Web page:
10 days is an interdisciplinary contemporary arts biennial that takes place in and around Winchester. It began in 2009 and this year artists were asked to explore the theme of ‘chalk’. Events, performances and exhibitions have happened and are still happening at a variety of different venues from the City Museum to St Catherine’s Hill up until 7 November 2015.
The Winchester Gallery exhibited work from local artists including a number of pieces by Winchester School of Art staff, students and alumni. It also hosted WSA student Samantha Harrison’s performance piece, ‘Tick Tock’ which two members of Library staff, Judy Russell and I, took part in. I had never taken part in an art performance piece before and wasn’t sure what to expect. Alongside 9 other performers we stepped forward and began to make our chalk ticks on the blackboard in front of us. The two people either side of me were much taller and there was a feeling of trying to hold my ground so I hardly moved. By the end there was so much chalk dust that I felt I was surrounded by softly falling snow. After 10 minutes we put our chalk down and walked away. It was interesting to look back and see the different approaches to the simple brief of making a tick. Judy reflects:
“On Saturday afternoon I turned up at the Winchester Gallery along with the other participants. Samantha gave us a piece of chalk in which to produce ticks on the wall of the gallery, all in a time limit of ten minutes. This I was told was going to be repeated twice more on the two following Saturdays, but with different participants. So, what was ‘Tick Tock’ all about for me? I sensed there was a theme here, automation/time, and for me that meant absorbing myself in the task. The repetitive action seemed to make everyone switch off from what was around them. I didn’t at first, because of a certain embarrassment perhaps, but once I got into the task, I found myself becoming utterly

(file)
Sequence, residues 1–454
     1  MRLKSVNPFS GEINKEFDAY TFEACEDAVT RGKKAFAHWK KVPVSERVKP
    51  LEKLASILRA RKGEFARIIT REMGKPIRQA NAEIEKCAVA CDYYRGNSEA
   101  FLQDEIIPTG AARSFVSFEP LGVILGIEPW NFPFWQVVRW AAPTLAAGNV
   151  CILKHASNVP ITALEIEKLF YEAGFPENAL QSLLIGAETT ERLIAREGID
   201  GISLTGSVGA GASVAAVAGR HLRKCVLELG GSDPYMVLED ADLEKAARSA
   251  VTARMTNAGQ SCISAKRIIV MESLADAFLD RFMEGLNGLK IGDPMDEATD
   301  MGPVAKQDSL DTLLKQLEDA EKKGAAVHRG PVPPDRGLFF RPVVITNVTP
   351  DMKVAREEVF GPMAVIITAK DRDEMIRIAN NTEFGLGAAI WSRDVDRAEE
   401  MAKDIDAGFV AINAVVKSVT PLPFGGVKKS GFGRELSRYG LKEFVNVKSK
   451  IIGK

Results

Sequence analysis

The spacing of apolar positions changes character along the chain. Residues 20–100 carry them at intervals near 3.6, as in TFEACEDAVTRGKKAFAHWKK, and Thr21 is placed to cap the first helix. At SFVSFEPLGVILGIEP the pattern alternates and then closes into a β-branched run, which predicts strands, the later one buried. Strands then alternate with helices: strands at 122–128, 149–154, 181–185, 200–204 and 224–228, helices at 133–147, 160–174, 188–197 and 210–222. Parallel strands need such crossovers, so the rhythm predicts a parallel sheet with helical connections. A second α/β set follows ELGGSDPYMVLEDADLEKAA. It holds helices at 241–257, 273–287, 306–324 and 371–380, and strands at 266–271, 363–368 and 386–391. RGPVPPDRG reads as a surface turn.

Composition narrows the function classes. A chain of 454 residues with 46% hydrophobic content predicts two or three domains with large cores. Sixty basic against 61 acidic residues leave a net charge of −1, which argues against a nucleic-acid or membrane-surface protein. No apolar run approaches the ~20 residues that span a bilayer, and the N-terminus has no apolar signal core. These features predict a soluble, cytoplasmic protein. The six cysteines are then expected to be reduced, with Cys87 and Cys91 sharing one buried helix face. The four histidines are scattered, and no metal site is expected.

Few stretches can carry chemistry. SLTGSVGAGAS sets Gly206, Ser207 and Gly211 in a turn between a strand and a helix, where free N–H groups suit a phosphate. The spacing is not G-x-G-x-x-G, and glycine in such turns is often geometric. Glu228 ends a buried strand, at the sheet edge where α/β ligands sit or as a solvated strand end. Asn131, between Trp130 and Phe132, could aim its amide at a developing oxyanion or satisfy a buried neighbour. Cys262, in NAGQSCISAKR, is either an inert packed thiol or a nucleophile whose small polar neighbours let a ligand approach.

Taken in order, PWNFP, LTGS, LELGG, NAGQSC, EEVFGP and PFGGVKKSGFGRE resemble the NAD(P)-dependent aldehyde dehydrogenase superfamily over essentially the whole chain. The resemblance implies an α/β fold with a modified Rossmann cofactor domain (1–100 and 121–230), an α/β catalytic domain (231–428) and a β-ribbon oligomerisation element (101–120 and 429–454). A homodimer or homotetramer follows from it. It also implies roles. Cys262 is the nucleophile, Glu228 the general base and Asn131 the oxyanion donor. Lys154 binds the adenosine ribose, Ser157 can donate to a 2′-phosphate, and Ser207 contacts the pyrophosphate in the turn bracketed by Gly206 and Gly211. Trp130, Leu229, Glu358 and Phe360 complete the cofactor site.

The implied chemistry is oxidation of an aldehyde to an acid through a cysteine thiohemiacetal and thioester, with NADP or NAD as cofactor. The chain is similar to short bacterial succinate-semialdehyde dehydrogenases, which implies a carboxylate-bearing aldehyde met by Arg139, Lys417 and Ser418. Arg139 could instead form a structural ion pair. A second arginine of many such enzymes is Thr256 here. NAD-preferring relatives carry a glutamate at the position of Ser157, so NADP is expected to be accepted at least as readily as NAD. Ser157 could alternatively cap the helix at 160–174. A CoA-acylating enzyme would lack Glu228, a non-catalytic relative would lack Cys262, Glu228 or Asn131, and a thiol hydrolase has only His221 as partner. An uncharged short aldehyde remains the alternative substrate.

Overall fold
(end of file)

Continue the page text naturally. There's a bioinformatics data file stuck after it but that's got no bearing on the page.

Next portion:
absorbed in the moment. The minutes literally just ticked away! You could say we had all become machine-like in our application of the task and perhaps that was the point: as humans we can become automatons without knowing it, but also consciously sometimes, and we take the good and the bad from that experience. The point Samantha was trying to make by this performance had far more depth than that of my own experience, but still it had a value for me personally and I very much enjoyed taking part”
Both Judy and I thoroughly enjoyed the experience and would urge anyone to take up these creative opportunities where they can.
Many of the artists taking part in Chalk are represented in the Library’s collections including Andrew Carnie, Stephen Cooper, Ian Dawson, Louisa Minkin, Eileen White, Trish Bould, Noriko Suzuki-Bosco, Peter Driver and Tracey Bush. Our Artists’ Book Collection has a strong collection of books by Tracey Bush whose work is currently on show In the City Museum. I took the opportunity to talk to her about her practice. In response to the theme of chalk Tracey first chose to walk the chalky downland of St Catherine’s Hill and collect and press representative flowers. She then traces and cuts out the flowers ready to cover in appropriate brand packaging. Nothing is bought specially but rather found and reused. This often involves the painstaking process of peeling off layers of packaging to laminate and reuse to produce her intricate flowers. For the particular piece that Tracey is exhibiting at the City Museum, Chalk Hill, she has reused an original Victorian dome to display her work in. This leads the viewer to do a double take on the stairs!
To view other work on this theme by Tracey Bush or to look at the work of any of the other artists represented in the Library’s collections please check Webcat.
To look at work in the Artists’ Book Collection please make an appointment via firstname.lastname@example.org
To check out what events are happening this week please go to CHALK
Catherine Polley and Judy Russell